Oh no, yet another Java vulnerability discovered

Martin Brinkmann
Sep 26, 2012

Some time ago I made the decision to ditch Java completely on my system. I had to find a few replacement apps, for instance for the popular file hosting downloader JDownloader or the RSS feed reader RSSOwl, but other than that, I did not really miss Java once I kicked it off the hard drive.

Recent news about Java vulnerabilities have strengthened my belief that this was a good decision after all. Over at Betanews I expressed the belief that most users do not need Java anymore, even though a lot have installed the software on their system.

Reports about a new Java vulnerability began to spread on the Internet when the Polish firm Security Explorations disclosed the vulnerability on Seclists.

We've recently discovered yet another security vulnerability affecting all latest versions of Oracle Java SE software. The impact of this issue is critical - we were able to successfully exploit it and achieve a complete Java security sandbox bypass in the environment of Java SE 5, 6 and 7.

What makes this special is that it is affecting fully updated Java 5,6 and 7 installations. The security researchers were able to successfully exploit the vulnerability on a fully patched Windows 7 test system. All recent web browsers, including Firefox, Internet Explorer and Google Chrome, were exploited successfully. The researchers note that all operating systems running Java are affected by the vulnerability, not only Windows.

Oracle has been notified about the vulnerability, but it may take days or even weeks before an update becomes available. If you have installed Java installed on your system right now it is recommended to either uninstall it completely, if you do not rely on desktop or web applications that depend on Java, disable it for the time being, or at least use other mitigating factors such as NoScript for Firefox or click to play to block plugins from being run automatically.

Windows users can consider using Java portable on their system which does not need to be installed and therefor won't install plugins into web browsers.


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  1. sgr said on September 27, 2012 at 12:54 pm

    Hi everybody,
    could any one tell me how danger all that mess with JAVA might be for the person which stick to run his/her machine as a standard/limited user??

    Best Regards

  2. Darren McLaughlin said on September 27, 2012 at 12:24 am

    Java has always been such a weird item to install. It’s always been a bit of the pain. Of course the security leaves a lot to be desired. I guess the time to consider getting rid of it completely is here. Who needs the hassle? Thanks for the informative post.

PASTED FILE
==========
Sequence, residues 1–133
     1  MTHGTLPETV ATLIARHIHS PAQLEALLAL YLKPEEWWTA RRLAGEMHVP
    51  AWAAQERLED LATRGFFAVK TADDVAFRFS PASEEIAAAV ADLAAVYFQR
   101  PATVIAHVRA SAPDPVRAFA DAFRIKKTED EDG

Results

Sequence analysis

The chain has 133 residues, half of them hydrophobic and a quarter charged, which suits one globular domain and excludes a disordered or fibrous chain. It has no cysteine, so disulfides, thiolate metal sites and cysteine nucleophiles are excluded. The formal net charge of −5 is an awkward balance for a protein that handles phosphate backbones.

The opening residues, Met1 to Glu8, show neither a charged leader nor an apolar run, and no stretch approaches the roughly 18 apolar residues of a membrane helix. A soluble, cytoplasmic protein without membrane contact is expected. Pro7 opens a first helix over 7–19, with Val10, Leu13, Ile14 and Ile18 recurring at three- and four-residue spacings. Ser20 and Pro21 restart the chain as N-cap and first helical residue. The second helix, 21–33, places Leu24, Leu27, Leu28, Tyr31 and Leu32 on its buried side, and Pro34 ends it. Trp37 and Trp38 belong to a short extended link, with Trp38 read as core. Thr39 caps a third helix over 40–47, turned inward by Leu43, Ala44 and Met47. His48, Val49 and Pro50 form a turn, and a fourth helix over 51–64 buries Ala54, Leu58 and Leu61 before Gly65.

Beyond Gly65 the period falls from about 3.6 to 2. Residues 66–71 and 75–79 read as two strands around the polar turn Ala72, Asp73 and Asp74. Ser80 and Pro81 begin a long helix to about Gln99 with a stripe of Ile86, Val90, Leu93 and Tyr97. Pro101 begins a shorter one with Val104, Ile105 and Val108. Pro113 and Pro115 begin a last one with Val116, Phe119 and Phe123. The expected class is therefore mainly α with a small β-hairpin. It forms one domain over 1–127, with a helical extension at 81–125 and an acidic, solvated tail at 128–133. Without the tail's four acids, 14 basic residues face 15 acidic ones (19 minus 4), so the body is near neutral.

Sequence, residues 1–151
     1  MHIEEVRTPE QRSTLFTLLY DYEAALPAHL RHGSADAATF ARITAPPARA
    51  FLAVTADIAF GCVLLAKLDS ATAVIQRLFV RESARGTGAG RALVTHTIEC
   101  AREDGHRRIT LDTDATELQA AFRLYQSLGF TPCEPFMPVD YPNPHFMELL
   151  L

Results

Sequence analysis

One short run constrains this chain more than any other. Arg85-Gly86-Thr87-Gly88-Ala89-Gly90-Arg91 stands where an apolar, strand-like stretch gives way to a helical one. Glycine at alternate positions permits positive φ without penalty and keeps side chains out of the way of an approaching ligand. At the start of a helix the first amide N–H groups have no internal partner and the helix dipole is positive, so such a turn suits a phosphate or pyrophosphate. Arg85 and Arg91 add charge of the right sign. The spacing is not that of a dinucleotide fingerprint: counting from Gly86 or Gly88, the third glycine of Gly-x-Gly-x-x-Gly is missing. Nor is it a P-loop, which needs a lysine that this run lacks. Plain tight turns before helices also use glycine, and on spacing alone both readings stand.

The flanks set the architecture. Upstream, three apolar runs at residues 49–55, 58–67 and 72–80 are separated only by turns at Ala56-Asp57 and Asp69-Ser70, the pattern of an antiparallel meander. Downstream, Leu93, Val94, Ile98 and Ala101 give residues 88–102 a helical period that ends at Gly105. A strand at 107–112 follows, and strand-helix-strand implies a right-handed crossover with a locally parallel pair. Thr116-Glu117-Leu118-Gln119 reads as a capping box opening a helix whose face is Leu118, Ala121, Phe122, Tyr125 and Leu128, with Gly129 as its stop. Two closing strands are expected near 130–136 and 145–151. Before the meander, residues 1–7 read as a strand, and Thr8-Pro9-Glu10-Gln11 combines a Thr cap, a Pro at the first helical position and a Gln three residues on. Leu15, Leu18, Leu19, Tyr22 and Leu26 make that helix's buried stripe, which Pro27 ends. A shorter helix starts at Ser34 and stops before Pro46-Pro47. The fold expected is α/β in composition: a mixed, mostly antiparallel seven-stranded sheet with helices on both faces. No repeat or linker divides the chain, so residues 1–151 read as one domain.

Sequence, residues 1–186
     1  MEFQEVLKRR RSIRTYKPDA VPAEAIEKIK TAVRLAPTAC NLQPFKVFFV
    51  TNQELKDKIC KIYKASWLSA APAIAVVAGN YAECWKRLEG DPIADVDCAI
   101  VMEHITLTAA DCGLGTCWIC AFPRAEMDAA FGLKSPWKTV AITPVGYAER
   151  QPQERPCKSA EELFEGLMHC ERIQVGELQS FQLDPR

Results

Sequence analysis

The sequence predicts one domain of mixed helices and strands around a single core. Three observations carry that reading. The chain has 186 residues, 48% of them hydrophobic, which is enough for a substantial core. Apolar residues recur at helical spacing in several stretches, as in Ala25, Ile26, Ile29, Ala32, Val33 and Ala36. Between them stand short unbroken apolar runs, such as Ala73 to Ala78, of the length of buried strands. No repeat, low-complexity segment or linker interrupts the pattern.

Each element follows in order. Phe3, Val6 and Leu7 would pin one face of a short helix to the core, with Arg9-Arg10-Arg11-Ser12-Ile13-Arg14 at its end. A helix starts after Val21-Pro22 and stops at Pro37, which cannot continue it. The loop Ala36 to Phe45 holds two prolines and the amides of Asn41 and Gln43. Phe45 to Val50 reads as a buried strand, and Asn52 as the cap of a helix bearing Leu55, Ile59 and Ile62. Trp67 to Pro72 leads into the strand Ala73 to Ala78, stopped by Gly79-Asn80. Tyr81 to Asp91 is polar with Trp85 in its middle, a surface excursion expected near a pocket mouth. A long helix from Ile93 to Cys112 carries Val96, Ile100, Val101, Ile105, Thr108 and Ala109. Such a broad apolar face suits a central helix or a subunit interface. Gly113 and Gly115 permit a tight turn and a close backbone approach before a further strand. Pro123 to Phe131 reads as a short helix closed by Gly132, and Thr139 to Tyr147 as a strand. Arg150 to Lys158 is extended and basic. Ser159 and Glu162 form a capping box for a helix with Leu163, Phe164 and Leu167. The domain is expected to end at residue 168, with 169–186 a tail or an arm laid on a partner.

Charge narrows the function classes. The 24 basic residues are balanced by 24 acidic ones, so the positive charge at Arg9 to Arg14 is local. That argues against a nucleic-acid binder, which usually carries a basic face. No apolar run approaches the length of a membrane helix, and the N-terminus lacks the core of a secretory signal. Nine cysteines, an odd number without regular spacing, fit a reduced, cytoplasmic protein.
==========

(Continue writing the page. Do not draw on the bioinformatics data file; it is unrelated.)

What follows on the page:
3. kalmly said on September 26, 2012 at 3:00 pm

    I have Java disabled on both of my browsers, but didn’t uninstall it because of two installed can’t-do-without apps that are irreplaceable. I don’t use web applications, and I am online less and less. Am I relatively safe?

  4. Yoav said on September 26, 2012 at 2:35 pm

    Ok. Thanks, Martin.

  5. Yoav said on September 26, 2012 at 12:24 pm

    How do I know what applications are using Java on my system, so I can decide if I can get rid of it?

    1. Martin Brinkmann said on September 26, 2012 at 12:46 pm

      I’d remove Java and see if any application fails to start up. I do not think there is a program that lists all the Java dependent programs on your system.

  6. Peter (NL) said on September 26, 2012 at 10:58 am

    Martin, how do you get above mentioned Java information ‘graphic’ ?
    (see picture in your article)

    I haven’t seen that detailed info on my screen when checking the appropriate Java version.

    1. Martin Brinkmann said on September 26, 2012 at 11:41 am

      I think it was on this page: http://www.java.com/en/download/testjava.jsp

  7. Damirora said on September 26, 2012 at 10:50 am

    I’d like to know what’s the best lightweight replacement for JDownloader. Anything that can auto-download my lists would be acceptable, and especially if I don’t have to enter any silly captcha.
    I’ve been trying different RSS readers, but nothing feels as good as Feed Reader 3, and RSS Owl. What do you currently use Martin?

    1. Martin Brinkmann said on September 26, 2012 at 11:48 am

      I’m using GreatNews, a basic feed reader fully sufficient for what I need it for.


      1. anony said on September 26, 2012 at 12:37 pm

        That seems to use IE shell, try Opera and its really competent feeds reader.

  8. Peter said on September 26, 2012 at 10:33 am

    Which app did you find to replace JDownloader and did it include the ability to renew your IP address from within the app? Thanks.

    1. Martin Brinkmann said on September 26, 2012 at 10:47 am

      Peter, I have replaced it with MiPony. I’m not really downloading that much from file hosting sites, just checked and it seems not to have that functionality.

      1. Peter said on September 29, 2012 at 9:38 am

        Thanks, Martin, I’ll check that out later.

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